Ex-spy chief all a-Twitter

Hayden's train discussion echoes far beyond his Amtrak car


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He should have taken the Quiet Car. But that's not what Michael Hayden did Thursday afternoon, as he boarded Acela No. 2170, the high-speed train bound for New York.

Instead, Gen. Hayden nestled into a regular coach seat and soon began what for many travelers is an Amtrak ritual: talking, often nonstop, on a cell phone as the train rolled on.

A passenger a few seats away couldn't help but be intrigued by the conversation, which included chatter about President Barack Obama's 2008 BlackBerry, specially modified to block foreign eavesdropping.

Could it be National Intelligence Director James Clapper, Tom Matzzie wondered. But why would a sitting official be talking so openly about CIA black sites and rendition?

It took nearly half an hour, but then it clicked for Mr. Matzzie, a former Washington director of the political group MoveOn.org. and now a renewable energy entrepreneur. He whipped out his phone and began tweeting.

"Former NSA spy boss Michael Hayden on Acela behind me blabbing 'on background as a former senior admin official,' " Mr. Matzzie wrote. "Sounds defensive."

For the next 15 minutes, the accidental eavesdropper gave periodic but detailed updates about the conversation of Mr. Hayden, a native of Pittsburgh's North Side and a Duquesne University graduate who headed the Central Intelligence Agency and the National Security Administration under former President George W. Bush.

At one point, Gen. Hayden dropped the name "Massimo," which led Mr. Matzzie to suspect that Gen. Hayden was talking to Time magazine's national security reporter, Massimo Calabresi. "Michael Hayden on Acela giving reporters disparaging quotes about admin," wrote Mr. Matzzie. " 'Remember, just refer as former senior admin.' "

Reached by phone Thursday evening, Gen. Hayden denied chastising the Obama administration. "I didn't criticize the president," he said. "I actually said these are very difficult issues. I said I had political guidance, too, that limited the things that I did when I was director of NSA. Now, that political guidance [for current officials] is going to be more robust. It wasn't a criticism."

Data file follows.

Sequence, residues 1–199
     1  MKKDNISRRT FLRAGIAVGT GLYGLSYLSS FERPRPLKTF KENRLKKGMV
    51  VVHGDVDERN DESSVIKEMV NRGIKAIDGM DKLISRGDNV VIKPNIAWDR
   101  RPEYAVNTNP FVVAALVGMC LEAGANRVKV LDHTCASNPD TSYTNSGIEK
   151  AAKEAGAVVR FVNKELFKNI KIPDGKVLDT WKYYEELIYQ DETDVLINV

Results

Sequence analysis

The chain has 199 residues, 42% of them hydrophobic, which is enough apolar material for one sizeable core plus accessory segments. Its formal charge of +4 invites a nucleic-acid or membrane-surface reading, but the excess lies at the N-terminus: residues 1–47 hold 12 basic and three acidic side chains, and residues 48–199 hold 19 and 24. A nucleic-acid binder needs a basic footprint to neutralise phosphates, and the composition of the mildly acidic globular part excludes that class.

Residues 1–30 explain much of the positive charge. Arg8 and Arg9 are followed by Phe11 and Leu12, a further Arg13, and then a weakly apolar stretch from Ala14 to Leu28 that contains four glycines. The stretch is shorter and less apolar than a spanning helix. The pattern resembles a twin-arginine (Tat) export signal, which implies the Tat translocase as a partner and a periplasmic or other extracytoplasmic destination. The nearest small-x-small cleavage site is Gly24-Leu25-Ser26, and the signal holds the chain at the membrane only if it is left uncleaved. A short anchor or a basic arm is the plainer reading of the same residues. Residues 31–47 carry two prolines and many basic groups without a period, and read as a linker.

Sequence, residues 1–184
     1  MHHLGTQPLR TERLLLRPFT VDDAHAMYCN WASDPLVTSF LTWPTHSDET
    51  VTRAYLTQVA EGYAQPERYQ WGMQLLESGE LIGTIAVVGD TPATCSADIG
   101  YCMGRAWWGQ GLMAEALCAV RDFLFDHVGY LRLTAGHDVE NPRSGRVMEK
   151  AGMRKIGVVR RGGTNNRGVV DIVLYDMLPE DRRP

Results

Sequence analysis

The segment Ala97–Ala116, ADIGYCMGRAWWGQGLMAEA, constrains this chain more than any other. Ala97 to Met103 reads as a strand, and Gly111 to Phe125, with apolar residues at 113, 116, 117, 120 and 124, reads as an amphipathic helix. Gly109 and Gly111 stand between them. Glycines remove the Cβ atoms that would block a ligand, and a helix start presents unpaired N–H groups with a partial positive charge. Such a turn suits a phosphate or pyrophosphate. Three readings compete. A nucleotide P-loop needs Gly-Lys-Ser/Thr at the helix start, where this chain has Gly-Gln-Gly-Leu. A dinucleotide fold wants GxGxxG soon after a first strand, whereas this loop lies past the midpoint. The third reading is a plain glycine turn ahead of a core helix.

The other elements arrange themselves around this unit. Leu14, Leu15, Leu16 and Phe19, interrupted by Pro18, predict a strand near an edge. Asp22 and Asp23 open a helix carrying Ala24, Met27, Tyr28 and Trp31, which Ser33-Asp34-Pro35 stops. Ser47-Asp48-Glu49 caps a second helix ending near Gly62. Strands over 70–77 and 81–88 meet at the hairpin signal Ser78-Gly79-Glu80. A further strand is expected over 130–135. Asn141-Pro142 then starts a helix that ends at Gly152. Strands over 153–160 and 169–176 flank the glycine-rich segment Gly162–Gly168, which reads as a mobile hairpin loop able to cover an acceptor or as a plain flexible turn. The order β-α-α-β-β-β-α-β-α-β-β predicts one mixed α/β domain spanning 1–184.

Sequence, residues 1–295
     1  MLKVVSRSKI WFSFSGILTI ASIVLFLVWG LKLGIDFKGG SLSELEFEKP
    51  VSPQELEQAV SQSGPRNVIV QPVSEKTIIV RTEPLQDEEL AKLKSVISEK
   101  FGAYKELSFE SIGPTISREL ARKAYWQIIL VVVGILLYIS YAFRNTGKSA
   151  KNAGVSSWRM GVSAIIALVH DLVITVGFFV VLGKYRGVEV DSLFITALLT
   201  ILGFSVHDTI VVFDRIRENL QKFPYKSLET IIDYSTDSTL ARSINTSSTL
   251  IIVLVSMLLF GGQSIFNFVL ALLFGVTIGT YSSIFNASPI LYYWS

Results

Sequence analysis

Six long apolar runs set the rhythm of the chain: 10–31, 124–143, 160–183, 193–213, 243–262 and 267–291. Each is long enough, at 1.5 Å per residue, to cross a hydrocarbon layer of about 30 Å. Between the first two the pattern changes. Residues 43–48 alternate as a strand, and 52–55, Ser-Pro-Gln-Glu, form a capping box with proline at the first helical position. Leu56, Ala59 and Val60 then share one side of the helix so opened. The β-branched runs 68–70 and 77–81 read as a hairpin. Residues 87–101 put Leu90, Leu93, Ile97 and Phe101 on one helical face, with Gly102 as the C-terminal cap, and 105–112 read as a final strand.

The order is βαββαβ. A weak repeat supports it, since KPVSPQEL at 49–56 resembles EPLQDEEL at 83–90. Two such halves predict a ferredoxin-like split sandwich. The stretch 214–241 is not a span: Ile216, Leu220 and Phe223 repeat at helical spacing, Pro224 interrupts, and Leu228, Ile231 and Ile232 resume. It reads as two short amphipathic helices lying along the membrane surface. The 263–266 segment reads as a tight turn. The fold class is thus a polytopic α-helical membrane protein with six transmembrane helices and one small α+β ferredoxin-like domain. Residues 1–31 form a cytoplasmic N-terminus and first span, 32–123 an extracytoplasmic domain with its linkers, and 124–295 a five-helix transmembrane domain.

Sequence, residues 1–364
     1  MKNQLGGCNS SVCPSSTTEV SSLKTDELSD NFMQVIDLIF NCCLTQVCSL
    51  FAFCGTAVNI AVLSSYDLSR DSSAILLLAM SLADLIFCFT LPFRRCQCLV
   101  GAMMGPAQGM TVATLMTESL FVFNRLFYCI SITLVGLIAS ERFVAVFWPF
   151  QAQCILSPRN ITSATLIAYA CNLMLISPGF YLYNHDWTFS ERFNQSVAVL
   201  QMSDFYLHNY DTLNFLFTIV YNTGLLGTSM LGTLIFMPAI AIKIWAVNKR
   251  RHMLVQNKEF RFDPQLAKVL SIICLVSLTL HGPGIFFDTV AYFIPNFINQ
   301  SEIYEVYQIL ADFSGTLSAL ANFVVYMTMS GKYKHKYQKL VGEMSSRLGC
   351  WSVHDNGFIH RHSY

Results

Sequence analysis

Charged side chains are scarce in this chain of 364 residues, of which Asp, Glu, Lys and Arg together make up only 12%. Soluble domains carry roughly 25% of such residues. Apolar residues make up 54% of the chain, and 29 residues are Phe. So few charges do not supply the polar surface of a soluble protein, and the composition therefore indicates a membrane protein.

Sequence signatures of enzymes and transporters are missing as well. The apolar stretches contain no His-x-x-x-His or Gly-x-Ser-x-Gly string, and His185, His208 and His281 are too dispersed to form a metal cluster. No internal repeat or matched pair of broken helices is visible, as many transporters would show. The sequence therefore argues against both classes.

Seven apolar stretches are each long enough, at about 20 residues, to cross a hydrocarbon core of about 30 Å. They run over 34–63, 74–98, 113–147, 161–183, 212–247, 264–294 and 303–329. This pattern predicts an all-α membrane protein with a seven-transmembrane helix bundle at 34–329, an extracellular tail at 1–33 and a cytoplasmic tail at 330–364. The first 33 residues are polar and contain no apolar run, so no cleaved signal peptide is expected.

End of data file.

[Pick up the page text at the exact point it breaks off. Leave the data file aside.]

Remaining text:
He said he told Mr. Calabresi that Mr. Obama's decision to use a BlackBerry put his communications at risk, and the NSA decided that it needed to make his device more secure.

Mr. Matzzie, Gen. Hayden said, "got it terribly wrong." He dismissed the tweets as a "[B.S.] story from a liberal activist sitting two seats from me on the train, hearing intermittent snatches of conversation." Mr. Calabresi did not return calls and an email seeking comment.

Passing by Philadelphia, Mr. Matzzie worried that his tweets about Gen. Hayden's conversation might get him in trouble.

Someone must have tipped off Gen. Hayden because, when he finished one of his call, he got up -- and walked straight to Mr. Matzzie's seat. "Would you like a real interview?" he asked.

"I'm not a reporter," Mr. Matzzie replied.

"Everybody's a reporter," Gen. Hayden said.

The two proceeded to have a conversation about the Fourth Amendment and NSA surveillance activities. They agreed to disagree, but before they parted, Gen. Hayden posed for a photo with Mr. Matzzie.

Then Gen. Hayden, who is now a principal in the Chertoff Group, a national security consultancy, swept off the train at Newark, N.J.

Mr. Matzzie was overwhelmed by the reaction on Twitter to his dispatches. "I haven't been able to keep up with it," he said. "I think the best tweet I saw was the lesson, 'Don't mess with Tom Matzzie on the Quiet Car.' "

He added, "But we're not on the Quiet Car."



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